Vice President arrest warrant plunges Iraq into crisis

AFP , Tuesday 20 Dec 2011

Just a day after US troops left Iraq, the Arab country faces a political tsunami as its top leaders indulge in settling of scores

Tareq al-Hashemi
Iraq's vice presidential nominee Tareq al-Hashemi speaks at a news conference in Baghdad in this February 28, 2011 file photo. (Photo: AP)

Iraq issued an arrest warrant for its Sunni vice president on anti-terror charges Monday, deepening a crisis that one leader warned threatened the unity government, just a day after US troops left.

Less than a year before the cabinet was formed, Iraq's fragile political truce appeared to be unraveling, with the Sunni-backed Iraqiya bloc boycotting parliament and Prime Minister Nuri al-Maliki calling for the sacking of one his deputies, a Sunni who branded his government a "dictatorship".

"According to article four of the anti-terrorism law, an arrest warrant has been issued against Vice President Tareq al-Hashemi and it is signed by five judges," Major General Kamal Hussein, a senior interior ministry official, told a news conference.

The judicial committee that issued the warrant earlier barred Hashemi from leaving the country. On Sunday evening, he was briefly escorted off a plane at Baghdad airport bound for the Kurdish region.

News of the warrant came with the vice president still in Kurdistan and as state broadcaster Al-Iraqiya TV aired footage showing what the interior ministry said were Hashemi's bodyguards confessing to planning and carrying out terror attacks, and receiving funding and support from Hashemi.

At least 13 of Hashemi's bodyguards have been detained in recent weeks, though it was unclear how many were still being held. Hashemi's office said only three were arrested.

Hashemi's Iraqiya bloc, meanwhile, said it would boycott cabinet to protest Maliki's "dictatorship", after earlier saying it was suspending its participation in parliament.

"Iraqiya has decided today to boycott sessions of cabinet," Deputy Prime Minister Saleh al-Mutlak, who Maliki said over the weekend should be sacked, told AFP.

"This decision is based on the deterioration of the political process, and to ensure that the country will not head towards a catastrophe if Maliki's dictatorship continues."

Iraqiya, which holds 82 seats in the 325-member parliament and controls nine ministerial posts, has not pulled out of the national unity government.

Mutlak said the televised confessions were "political" and added that Iraqiya did "not recognise them".

The deputy premier, who was accused of being a supporter of Saddam Hussein's outlawed Baath party in the run-up to the 2010 elections that he was barred from standing in, told his own Babiliyah television channel this month that Maliki was "worse than Saddam Hussein."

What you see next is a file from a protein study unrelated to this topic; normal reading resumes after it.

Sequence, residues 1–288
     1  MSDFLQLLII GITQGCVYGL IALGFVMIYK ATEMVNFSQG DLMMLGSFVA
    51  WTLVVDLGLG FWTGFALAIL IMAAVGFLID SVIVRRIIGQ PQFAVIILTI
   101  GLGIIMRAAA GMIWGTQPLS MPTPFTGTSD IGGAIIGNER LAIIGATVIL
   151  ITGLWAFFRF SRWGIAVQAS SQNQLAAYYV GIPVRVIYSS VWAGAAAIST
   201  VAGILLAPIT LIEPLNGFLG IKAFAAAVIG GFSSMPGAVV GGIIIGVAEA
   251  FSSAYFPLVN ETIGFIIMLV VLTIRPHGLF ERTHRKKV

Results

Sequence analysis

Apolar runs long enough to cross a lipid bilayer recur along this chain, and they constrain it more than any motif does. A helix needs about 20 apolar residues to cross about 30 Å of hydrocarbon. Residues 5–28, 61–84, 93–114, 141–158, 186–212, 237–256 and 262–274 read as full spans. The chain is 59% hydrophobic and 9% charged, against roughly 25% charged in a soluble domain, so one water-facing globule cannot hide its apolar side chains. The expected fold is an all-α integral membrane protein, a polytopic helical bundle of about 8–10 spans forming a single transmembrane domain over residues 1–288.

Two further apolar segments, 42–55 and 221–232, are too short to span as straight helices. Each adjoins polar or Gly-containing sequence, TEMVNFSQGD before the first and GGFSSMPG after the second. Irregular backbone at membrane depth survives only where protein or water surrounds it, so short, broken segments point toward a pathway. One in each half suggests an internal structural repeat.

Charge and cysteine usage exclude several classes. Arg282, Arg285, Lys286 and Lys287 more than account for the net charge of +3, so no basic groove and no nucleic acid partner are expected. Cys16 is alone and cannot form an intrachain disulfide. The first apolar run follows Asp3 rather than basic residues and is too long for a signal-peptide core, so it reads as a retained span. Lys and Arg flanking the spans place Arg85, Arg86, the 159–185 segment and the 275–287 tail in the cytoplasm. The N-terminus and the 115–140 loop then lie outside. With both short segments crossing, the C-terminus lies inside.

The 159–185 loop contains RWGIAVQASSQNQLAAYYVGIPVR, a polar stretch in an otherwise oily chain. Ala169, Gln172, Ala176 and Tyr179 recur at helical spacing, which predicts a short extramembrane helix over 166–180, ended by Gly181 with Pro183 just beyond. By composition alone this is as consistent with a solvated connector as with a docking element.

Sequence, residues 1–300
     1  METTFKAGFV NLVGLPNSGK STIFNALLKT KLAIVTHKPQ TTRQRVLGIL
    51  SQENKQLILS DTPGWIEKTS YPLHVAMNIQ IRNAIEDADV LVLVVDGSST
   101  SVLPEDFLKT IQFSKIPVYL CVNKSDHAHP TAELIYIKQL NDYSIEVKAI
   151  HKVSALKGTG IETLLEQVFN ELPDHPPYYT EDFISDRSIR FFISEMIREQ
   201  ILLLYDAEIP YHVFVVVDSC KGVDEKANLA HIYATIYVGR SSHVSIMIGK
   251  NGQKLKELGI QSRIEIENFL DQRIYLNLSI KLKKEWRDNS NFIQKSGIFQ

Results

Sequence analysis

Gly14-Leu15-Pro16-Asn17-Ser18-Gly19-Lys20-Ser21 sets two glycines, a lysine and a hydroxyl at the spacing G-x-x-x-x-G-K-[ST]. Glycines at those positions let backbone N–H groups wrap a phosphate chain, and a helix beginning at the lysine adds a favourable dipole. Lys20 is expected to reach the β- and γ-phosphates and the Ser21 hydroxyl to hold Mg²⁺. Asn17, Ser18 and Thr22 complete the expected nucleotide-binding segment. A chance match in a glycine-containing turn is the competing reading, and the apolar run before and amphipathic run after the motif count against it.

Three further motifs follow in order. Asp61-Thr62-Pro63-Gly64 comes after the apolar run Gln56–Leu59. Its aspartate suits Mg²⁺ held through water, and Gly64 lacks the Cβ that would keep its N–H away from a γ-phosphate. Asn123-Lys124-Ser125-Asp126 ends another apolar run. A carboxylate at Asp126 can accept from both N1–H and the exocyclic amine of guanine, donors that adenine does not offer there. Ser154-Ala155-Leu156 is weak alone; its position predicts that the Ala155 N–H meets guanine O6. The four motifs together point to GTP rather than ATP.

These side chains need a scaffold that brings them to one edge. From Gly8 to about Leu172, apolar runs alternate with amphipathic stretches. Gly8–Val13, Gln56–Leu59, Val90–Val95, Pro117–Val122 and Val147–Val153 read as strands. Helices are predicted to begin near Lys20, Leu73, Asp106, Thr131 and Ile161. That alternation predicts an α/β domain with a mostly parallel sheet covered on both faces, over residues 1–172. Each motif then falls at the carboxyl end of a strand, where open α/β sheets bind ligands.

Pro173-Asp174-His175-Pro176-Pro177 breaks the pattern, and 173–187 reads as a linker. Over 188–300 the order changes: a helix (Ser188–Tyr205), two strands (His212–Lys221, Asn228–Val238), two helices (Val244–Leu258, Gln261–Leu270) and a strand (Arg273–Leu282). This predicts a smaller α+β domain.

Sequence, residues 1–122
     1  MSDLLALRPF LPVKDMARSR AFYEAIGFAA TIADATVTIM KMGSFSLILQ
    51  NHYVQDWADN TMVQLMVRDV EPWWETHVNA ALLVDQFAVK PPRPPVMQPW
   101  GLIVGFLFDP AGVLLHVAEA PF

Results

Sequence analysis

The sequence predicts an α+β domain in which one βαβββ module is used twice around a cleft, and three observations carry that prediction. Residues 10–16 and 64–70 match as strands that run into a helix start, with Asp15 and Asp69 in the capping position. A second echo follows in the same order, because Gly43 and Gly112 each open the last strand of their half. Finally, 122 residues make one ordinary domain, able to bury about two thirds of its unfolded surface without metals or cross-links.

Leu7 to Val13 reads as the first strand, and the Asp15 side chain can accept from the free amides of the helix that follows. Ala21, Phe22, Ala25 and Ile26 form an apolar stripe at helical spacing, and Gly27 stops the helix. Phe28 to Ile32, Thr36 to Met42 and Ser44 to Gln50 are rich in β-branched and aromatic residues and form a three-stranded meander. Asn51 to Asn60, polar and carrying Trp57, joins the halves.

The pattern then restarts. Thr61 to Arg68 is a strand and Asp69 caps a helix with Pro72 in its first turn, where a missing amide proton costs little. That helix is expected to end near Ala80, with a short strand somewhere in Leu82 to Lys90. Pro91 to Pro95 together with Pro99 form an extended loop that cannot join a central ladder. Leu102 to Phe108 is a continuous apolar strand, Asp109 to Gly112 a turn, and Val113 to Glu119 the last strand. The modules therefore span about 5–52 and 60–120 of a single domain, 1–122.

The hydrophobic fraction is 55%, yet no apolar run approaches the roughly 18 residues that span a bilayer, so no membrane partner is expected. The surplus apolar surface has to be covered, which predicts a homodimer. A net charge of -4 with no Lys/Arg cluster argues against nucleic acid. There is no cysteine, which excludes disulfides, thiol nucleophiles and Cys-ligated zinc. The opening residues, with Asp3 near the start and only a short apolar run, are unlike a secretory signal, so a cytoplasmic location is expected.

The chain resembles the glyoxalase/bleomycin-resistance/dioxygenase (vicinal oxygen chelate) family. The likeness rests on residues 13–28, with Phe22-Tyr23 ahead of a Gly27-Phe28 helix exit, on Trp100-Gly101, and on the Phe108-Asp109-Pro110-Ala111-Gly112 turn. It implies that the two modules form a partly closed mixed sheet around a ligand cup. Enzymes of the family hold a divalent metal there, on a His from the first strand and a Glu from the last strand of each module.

Lawmakers are due to consider Maliki's request to fire Mutlak on January 3, a parliament official said.

Massud Barzani, president of Iraq's autonomous Kurdish region, earlier called for urgent talks to prevent the "collapse" of the country's national unity government, warning "the situation is headed towards deep crisis."

"The ruling partnership has become threatened," added Barzani, who in November 2010 hosted a meeting of Iraq's leaders at which the foundations of the national unity government were laid, ending months of impasse following elections in March that year, with a cabinet eventually named 21 December.

He did not propose a date for the meeting in Monday's statement.

Hashemi's office, meanwhile, complained of "intentional harassment" in the form of a security force blockading his home for several weeks, as well as other incidents.

Iraqiya, which garnered most of its support from the Sunni Arab minority and emerged with the most seats in March 2010 elections, was out-manoeuvred for the premiership by Maliki who, after finishing second in the polls, struck a deal with another group to broaden his power base and lead the government.

The political party loyal to anti-US Shiite cleric Moqtada al-Sadr lamented that the timing of the crisis, after US troops completed their withdrawal from the country early on Sunday, suggested American forces had held the political system together.

"We do not want to send any wrong message to the world, after the withdrawal of the occupying forces, that the one who was controlling the issues in Iraq was the occupier," said Baha al-Araji, head of the Sadrist parliamentary bloc.

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